One of the biggest surprises in OC87: The Obsessive Compulsive, Major Depression, Bipolar, Asperger's Movie is the inclusion of a discussion on and several clips from one of Lost in Space's penultimate episodes, 'The Anti-Matter Man'.
Bud Clayman, the subject of the documentary, recounts how he always saw Guy William's John Robinson as the perfect father figure -- and how, to him, 'The Anti-Matter Man' perfectly reflected Robinson's other side, his opposite, and this scared the crap out of him.
John Robinson's evil twin scared the crap out of the five year old me also, because I, too, totally related to Williams' John Robinson and always thought he was a pretty good example of a father. Although my focus was primarily on the exploits of Smith, Will, and The Robot, Williams was a solid anchor for the show's drama. Seeing this father figure treat Will, his son, with callous disregard for his feelings, hurt my own sensibilities, and opened a door in my psyche to acknowledging another side I sometimes saw of my own late father. When the good Robinson managed to kick the bad Robinson off the space carpet into an endless space abyss, I cheered loudly, and felt confident that the world was back in balance. Little did I know, but, hey, I was a kid.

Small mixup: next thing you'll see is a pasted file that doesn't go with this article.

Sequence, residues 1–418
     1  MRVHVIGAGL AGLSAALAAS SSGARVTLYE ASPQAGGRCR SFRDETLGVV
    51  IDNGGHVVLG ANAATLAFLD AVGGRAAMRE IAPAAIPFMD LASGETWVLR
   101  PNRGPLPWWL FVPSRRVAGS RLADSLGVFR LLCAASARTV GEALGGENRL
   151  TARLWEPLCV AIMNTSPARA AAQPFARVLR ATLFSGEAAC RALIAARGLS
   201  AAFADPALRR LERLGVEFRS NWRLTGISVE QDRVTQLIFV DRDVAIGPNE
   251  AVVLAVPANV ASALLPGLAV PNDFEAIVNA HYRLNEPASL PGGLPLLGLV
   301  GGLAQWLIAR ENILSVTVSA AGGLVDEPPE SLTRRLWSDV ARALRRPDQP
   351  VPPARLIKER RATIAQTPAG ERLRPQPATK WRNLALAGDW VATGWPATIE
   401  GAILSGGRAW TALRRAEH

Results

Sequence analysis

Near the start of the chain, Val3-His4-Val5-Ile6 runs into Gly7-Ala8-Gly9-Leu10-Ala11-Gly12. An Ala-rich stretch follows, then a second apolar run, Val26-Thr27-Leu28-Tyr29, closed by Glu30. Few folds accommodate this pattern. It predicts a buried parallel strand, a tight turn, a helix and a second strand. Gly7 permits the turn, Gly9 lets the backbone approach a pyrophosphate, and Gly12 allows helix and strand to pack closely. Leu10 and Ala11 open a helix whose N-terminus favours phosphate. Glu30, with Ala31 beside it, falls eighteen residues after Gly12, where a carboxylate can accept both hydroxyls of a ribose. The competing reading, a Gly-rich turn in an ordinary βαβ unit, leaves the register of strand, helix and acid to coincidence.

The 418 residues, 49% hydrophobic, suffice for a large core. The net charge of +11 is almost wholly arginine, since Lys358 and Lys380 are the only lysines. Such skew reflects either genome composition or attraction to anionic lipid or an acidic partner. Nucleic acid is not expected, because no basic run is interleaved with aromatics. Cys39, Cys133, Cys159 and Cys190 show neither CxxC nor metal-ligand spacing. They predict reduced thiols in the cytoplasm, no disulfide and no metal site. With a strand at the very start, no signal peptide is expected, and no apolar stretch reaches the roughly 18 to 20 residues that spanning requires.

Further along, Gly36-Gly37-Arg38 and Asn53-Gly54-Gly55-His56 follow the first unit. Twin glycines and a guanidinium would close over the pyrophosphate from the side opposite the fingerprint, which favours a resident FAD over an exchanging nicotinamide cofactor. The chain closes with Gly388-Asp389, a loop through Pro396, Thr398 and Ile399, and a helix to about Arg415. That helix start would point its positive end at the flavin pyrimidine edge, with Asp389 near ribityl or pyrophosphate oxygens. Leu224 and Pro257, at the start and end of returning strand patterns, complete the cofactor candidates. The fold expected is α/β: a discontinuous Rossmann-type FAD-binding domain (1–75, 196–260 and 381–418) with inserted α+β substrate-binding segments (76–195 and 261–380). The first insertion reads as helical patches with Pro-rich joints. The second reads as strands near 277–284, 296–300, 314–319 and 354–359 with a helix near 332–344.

Clayman's doco (he directed it with some assistance) attempts to get us to understand how someone with all of the above conditions thinks. He gives us stream of consciousness voice-overs of himself in testy life situations that really convey the difficulty someone like himself has moving amongst the living.
The film features a wonderful sequence in which Clayman recreates 'The Anti-Matter Man' episode from LIS using green screen, costumes that come close to the originals, and himself as both John Robinsons.
Well worth catching for both its educational and solid entertainment value. An illuminating social document done right.